Inside American Eagle Outfitters’ new Unsubscribed store are phrases such as “less is more” and “kind. conscious. free spirited” painted along the walls, oversize green plants and lots of sunlight. Clothing is spaced at intervals on racks, invoking a sense of minimalism, with a select assortment of accessories, including handbags and sunglasses, on display.
“Unsubscribed is all about slowing down, celebrating the beauty of modern simplicity and taking things easy,” Jennifer Foyle, Aerie global brand president, told WWD about American Eagle Outfitters’ fourth brand, which was quietly launched last month in just one store in East Hampton, N.Y. American Eagle Outfitters also owns Aerie and Todd Snyder, in addition to the nameplate brand.
“The goal is to create a welcoming environment,” Foyle said about Unsubscribed. “It’s about taking it easy and enjoying a stress-free shopping experience amongst beautiful clothes and accessories that you can’t help but purchase.”
Which is one reason American Eagle Outfitters decided to launch the brand in one of America’s prime summer locales. “The Hamptons truly are the epitome of relaxation,” Foyle said, regarding the location.
Opening a brick-and-mortar store amid a global pandemic that has caused retailers to close up shop — temporarily and in some cases permanently — may seem like a strange move. But Foyle said she began devising the idea pre-pandemic.
In fact, sustainability has been on her mind for some time. Earlier this year, under Foyle’s leadership, Aerie launched a line of sustainable swimwear. The collection is made from Repreve, or about 1.2 million recycled plastic bottles. The intimates brand also regularly donates gently worn bras to women in need by way of recycling bins in stores. As of March, Aerie recycled more than 43,000 used bras through the program. And, when Aerie expanded its AerieReal role model program in January, it added Manuela Barón to the 2020 roster. (Barón is a visual artist known for making sustainable art, or art out of trash. She also blogs about her commitment to producing zero waste.)
“The generations coming up really care about sustainability and I think we have to address it,” Foyle told WWD in March. “To get to 100 percent perfection would never be easy. I think the most important thing about this topic is to be very transparent.”
Unsubscribed plays off the sustainability theme, incorporating the concept of “slow retail,” or products that last longer.
“We are referring not only to the quality of our product, but the shopping experience as a whole,” Foyle said recently. “And this begins with how we communicate with our customer. We respect the slower pace by reaching out less frequently and more thoughtfully.”
That’s why the brand is only dropping two collections a year, emphasizing quality over quantity. And while not all products are fully sustainable, Unsubscribed is aiming to be more socially conscious. Some in-store examples include domestically produced knitwear and fleece, recycled nylon swimwear, upcycled denim and handbags made from 100 percent postconsumer waste.
Brands such as Ubuntu, Nannacay, A.Shirt.Story, Boyish and Indego Africa can also be found in the store, in addition to the in-house label. Accessories start at $5; swimwear ranges from $70 to $250; dresses from $90 to $550, and tops from $40 to $300.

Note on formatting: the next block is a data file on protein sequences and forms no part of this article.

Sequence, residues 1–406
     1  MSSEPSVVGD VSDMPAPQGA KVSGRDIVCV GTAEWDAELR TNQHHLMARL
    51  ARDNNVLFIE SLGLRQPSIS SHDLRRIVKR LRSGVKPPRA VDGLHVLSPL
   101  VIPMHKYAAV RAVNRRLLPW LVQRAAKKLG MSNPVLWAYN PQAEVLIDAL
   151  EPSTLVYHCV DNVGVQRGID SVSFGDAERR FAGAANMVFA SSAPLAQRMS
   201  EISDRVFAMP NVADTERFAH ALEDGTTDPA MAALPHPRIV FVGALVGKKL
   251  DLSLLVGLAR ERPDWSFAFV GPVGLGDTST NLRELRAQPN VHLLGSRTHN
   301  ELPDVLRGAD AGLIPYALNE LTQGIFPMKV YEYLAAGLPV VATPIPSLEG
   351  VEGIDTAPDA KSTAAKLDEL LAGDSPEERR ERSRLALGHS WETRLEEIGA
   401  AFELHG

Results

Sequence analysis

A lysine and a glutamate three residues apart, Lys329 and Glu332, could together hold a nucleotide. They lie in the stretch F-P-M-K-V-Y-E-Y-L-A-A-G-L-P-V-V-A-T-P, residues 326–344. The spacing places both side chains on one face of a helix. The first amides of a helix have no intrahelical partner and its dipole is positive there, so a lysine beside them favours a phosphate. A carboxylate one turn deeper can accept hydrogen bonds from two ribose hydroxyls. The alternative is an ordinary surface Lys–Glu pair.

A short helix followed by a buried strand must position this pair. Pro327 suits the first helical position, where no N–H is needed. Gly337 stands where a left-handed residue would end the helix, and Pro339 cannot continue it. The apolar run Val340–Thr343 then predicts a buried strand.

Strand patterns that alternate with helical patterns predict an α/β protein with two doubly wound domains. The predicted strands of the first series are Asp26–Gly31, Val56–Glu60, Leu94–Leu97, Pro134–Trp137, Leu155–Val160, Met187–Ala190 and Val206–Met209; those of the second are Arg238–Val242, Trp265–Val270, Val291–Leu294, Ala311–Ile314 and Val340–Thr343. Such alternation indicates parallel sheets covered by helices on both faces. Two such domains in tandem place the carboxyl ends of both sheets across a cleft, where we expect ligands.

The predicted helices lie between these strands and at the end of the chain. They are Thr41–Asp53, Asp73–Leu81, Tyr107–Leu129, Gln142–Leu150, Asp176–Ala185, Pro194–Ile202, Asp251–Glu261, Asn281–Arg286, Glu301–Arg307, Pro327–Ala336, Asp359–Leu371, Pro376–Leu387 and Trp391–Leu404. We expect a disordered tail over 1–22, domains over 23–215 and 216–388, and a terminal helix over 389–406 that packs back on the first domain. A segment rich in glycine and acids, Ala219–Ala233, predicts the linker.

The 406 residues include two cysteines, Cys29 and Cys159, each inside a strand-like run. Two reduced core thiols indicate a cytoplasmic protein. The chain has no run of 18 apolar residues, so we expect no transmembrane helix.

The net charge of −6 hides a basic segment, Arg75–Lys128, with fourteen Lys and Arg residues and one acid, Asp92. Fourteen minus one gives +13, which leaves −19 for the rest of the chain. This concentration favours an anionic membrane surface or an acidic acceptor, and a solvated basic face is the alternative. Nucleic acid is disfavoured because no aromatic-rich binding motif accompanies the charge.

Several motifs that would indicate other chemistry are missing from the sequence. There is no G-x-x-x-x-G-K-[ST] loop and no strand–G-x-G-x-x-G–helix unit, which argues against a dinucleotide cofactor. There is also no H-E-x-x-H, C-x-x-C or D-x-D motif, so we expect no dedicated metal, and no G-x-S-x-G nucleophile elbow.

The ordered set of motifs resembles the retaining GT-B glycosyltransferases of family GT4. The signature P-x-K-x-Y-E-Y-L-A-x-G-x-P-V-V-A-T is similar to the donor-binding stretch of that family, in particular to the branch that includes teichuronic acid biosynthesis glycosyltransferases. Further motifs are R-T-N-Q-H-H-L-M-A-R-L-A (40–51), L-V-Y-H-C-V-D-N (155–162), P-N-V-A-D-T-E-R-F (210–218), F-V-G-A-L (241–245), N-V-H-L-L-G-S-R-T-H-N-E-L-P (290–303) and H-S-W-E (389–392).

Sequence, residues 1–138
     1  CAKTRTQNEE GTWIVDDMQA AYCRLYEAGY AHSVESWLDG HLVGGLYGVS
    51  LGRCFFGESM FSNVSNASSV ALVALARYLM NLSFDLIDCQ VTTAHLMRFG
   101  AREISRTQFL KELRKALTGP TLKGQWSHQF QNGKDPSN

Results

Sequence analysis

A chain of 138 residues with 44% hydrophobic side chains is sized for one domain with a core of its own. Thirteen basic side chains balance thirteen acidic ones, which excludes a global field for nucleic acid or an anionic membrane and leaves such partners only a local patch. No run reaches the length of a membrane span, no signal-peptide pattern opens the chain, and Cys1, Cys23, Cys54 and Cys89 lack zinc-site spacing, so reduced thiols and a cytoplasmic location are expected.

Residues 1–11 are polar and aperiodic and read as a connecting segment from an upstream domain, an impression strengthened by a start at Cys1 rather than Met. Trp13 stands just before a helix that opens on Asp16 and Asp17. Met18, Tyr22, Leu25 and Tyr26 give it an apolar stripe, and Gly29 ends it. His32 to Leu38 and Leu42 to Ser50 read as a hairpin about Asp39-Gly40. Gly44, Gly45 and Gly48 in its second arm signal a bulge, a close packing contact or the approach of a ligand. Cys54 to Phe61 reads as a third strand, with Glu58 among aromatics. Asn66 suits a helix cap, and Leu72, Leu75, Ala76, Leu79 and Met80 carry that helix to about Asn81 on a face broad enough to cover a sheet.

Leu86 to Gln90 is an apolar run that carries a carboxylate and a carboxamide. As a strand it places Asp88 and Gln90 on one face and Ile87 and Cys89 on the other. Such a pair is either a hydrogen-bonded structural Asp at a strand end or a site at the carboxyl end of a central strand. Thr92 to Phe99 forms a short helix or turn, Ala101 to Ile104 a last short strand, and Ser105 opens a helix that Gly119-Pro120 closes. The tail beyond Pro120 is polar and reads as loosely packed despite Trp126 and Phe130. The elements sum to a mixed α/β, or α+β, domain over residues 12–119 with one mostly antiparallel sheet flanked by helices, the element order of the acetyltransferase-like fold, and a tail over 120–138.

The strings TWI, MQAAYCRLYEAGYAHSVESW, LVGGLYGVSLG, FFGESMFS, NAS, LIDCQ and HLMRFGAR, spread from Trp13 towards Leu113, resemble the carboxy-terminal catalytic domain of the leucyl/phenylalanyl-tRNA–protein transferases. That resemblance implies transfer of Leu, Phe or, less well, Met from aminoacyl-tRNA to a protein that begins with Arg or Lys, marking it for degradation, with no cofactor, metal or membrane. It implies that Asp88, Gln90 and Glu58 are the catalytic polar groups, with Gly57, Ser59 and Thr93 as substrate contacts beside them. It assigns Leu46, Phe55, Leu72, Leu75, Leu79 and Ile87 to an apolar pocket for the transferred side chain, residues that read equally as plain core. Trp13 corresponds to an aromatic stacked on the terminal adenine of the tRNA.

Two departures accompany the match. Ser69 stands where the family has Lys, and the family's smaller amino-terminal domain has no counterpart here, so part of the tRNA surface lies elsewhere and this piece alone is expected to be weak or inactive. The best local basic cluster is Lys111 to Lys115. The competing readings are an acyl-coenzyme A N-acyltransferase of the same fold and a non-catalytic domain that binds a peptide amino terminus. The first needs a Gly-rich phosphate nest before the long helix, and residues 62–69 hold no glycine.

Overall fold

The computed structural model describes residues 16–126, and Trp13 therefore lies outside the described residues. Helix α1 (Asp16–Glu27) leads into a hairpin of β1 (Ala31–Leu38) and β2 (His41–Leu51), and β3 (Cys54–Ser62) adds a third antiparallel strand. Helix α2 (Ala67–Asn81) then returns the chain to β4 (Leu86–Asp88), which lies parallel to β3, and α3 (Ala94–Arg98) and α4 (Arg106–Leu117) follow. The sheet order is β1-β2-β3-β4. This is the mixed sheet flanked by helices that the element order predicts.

There will be no e-commerce business — at least not yet. Instead, the brand’s Instagram account and web site, unsubscribed.com, which goes live July 2, will feature seasonal look books, store imagery and question-and-answer spotlights with founders of the third-party brands.
“We believe in creating meaningful connections with our customers,” Foyle said. “Like we’ve done within our stores, we want to build a digital space where we can share creative content, new product and inspiring photos. And we recognize the power a digital platform has in bringing us together.”
That doesn’t mean Unsubscribed will never have an e-commerce element. Foyle said the brand plans to eventually open up the experience to shoppers outside of the New York area by way of an online shop.
“We’re excited for her to experience Unsubscribed, no matter where she is,” Foyle said. The exact date has not yet been set.
There is also “definitely the possibility” of expanding Unsubscribed’s retail fleet to other locations and markets in the future.
“However, we are being thoughtful and selective on those location choices,” Foyle said. “We plan to use our East Hampton store to test and learn this new brand and customer to help us gain valuable insights for future growth. The growth of the business is always top-of-mind and we’ve led with a best-in-class strategy for identifying new opportunities to continue our momentum.”
Meanwhile, American Eagle Outfitters has plans to expand the rest of its retail fleet. On the June conference call, Foyle said Aerie plans to open about 25 locations this year, a mix of stand-alone and side-by-side American Eagle-Aerie units, many of them in new markets, despite recent losses.
“AEO is a leader in the industry and we’re thrilled to be in a spot that allows us to grow with the introduction of Unsubscribed into our portfolio,” Foyle said. “Like everything we do, we’ve put a lot of time, passion and resources into launching the brand and are fortunate to turn this concept into a reality despite these challenging times.
“Also, as a company, we are always looking for new ways to expand our community,” Foyle continued. “We’re constantly listening and learning from our current customers and we’re excited to do the same for the Unsubscribed shopper. The East Hampton location is the perfect spot for us to reach her first through this single store concept.”